Carl Djerassi (1923-2015) did not like being reduced to one label. He is best known for synthesizing a hormone that became the main ingredient in the contraceptive known as “the pill.” In fact, he was just one of several scientists who worked on creating the chemical roots of the pill. But Djerassi, a self-proclaimed intellectual polygamist, was much more than that.

While it’s true he developed synthetic juvenile hormone in insects to prevent them from becoming adults (a non-toxic way to control mosquitoes and fleas) and created corticosteroids to fight inflammation, his work goes far beyond the lab bench. We get a glimpse of that even early on at Stanford where he taught for decades as a chemistry professor. One of the courses: biosocial aspects of birth control.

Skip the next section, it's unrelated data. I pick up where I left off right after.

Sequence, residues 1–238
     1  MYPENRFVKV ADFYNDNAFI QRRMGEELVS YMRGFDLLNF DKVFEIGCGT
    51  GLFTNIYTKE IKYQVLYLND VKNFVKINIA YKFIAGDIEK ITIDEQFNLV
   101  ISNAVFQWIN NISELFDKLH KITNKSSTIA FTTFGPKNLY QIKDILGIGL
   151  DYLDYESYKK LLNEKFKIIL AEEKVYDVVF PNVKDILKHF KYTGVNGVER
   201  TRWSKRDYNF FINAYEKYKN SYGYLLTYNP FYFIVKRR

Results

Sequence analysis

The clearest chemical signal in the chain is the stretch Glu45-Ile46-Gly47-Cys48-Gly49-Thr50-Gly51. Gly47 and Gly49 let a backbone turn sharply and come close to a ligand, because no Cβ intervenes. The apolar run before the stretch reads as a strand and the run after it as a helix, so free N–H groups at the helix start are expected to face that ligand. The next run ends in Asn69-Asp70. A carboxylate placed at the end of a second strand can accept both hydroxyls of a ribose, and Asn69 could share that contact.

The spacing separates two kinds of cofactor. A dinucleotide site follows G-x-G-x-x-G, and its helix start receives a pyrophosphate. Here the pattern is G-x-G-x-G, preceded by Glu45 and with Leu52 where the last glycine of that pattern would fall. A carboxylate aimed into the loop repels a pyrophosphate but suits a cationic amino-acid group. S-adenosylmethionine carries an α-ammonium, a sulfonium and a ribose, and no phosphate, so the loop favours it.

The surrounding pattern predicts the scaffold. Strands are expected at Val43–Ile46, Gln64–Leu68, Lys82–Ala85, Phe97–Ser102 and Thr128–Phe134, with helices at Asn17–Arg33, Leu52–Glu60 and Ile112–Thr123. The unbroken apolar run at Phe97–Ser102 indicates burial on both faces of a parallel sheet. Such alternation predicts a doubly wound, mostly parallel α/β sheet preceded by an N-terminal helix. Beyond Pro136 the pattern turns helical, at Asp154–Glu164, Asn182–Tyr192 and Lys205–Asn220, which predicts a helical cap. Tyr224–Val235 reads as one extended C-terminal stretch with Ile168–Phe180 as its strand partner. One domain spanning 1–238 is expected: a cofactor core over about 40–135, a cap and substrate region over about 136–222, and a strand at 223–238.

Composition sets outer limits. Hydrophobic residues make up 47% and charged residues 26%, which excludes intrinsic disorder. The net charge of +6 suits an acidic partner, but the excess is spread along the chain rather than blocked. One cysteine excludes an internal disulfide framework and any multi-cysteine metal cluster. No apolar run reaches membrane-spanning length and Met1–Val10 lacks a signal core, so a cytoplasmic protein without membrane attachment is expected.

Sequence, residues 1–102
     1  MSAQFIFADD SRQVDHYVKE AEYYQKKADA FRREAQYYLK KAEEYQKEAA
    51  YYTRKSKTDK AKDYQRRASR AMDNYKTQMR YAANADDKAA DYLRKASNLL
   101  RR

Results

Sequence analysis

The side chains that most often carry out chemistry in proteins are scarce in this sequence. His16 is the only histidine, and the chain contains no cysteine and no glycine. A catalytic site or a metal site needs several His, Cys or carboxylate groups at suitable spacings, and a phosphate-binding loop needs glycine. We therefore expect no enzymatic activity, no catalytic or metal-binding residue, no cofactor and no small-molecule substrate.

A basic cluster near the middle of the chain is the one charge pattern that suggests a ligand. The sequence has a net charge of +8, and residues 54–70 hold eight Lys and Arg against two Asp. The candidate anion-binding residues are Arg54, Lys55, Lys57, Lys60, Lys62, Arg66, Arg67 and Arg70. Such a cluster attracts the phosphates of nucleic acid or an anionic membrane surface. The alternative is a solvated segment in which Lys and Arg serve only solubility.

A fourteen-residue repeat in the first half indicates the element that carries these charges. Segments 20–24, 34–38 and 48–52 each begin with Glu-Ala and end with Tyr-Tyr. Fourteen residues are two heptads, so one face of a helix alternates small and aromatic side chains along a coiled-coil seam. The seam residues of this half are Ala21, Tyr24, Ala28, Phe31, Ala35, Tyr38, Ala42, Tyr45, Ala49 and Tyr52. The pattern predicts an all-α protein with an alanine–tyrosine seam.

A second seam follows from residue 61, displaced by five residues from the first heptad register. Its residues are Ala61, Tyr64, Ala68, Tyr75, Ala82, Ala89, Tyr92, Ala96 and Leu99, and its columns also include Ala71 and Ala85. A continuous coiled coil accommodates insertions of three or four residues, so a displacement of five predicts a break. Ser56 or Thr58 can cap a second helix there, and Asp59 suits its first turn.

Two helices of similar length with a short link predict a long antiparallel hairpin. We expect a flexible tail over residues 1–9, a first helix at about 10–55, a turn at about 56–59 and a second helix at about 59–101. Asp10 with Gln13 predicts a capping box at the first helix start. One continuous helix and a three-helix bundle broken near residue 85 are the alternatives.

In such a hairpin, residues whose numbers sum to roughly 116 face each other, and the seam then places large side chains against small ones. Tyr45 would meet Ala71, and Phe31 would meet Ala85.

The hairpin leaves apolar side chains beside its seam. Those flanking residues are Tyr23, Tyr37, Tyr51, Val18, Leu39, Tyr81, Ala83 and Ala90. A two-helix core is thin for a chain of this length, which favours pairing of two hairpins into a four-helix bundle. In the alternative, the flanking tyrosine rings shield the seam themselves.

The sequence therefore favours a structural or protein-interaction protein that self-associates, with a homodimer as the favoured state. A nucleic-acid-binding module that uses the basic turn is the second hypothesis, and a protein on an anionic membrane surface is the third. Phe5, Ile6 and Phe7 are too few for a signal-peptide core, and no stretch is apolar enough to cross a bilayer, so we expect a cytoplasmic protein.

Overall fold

Chemists, according to the Economist’s obituary, struck Djerassi as even more tribal, hidebound, and inward-looking than other scientists. Beginning in his 70s, Djerassi wrote novels and plays that featured scientists debating the ethical and social implications of their lab work. He referred to the genre as “science-in-fiction” and “science-in-theatre.” It was a way to discuss the cultural, social, and ethical fallout from the hormone he had created.

For a time, he ran two research companies. Shares in one made him rich. After an artist daughter committed suicide, he created an artists colony in the Santa Cruz mountains.